Just as an example, all the 84 prizes awarded by the Swedish Central Bank Prize in memory of Alfred Nobel (falsely called the Economics Nobel Prize) have gone to economists resident in the North, and essentially living and working in the U.S. and Europe. The North Atlantic still dominates in “recognised” publications and in setting the research agendas in the field of economics and the policy agendas across governments. The enormous knowledge, insights and contributions to economic analysis that are made by economists located in the Global South are largely ignored, almost certainly by those in the North, but even (sadly) by economists in other parts of the South. Theoretical contributions are generally assumed to be made only by those who are resident or working in the North, who also feel able to comment on economic conditions and processes everywhere in the world, with a confidence unmatched by those resident elsewhere, and with far greater likelihood of being taken seriously.
In development economics there is an even worse tendency, of treating those in the South as the objects of study and policy action (with its economists often becoming glorified research assistants in international research projects), while “real” knowledge is supposedly created in the North and disseminated outwards.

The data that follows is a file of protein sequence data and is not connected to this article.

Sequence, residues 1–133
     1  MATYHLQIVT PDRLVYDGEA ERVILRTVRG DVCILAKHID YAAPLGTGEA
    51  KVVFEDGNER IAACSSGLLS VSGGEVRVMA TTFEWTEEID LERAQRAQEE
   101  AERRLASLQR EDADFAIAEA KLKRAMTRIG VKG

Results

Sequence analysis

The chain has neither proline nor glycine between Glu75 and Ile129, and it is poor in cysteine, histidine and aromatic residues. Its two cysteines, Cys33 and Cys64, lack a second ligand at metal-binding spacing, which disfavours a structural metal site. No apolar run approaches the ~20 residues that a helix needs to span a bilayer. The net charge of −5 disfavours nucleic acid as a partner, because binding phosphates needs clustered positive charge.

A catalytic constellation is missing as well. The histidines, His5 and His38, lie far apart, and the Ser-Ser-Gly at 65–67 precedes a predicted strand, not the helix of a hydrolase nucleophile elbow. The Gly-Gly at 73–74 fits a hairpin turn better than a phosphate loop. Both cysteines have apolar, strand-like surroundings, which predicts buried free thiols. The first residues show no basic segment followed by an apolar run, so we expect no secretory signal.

Increasingly, this attitude verges on or collapses into the unethical, especially given the growing tendency of economic policy to lapse into social engineering. The recent craze in development economics personified by the “randomistas” exemplifies this. There has been much outcry and disgust about some Randomised Control Trials being conducted (inevitably) on poor people in the developing world, for example those that have involved cutting off water supply to see if that incentivises bill payments, or checking whether poor parents will send only their better performing children to school once they are informed about their results.
Clearly, quite apart from the numerous methodological problems with such studies, this shows the extent to which at least some economists have completely lost moral compass, and the strong class/regional forces at work whereby the poor, and especially those in developing countries, can be experimented on in this way. The rot goes beyond those conducting such studies, to the research funders, the international organisations, the editors of journals and the university teachers who put such studies into their course material, when they would never consent to similar studies of their own behaviour.
The location bias is compounded and further aggravated by an ideological bias that tends to dismiss and marginalise alternative theories and approaches, many of which also have impressive (though underrated) historical lineages and provide often much more relevant and useful analyses of how economies actually work and the implications of different economic policies.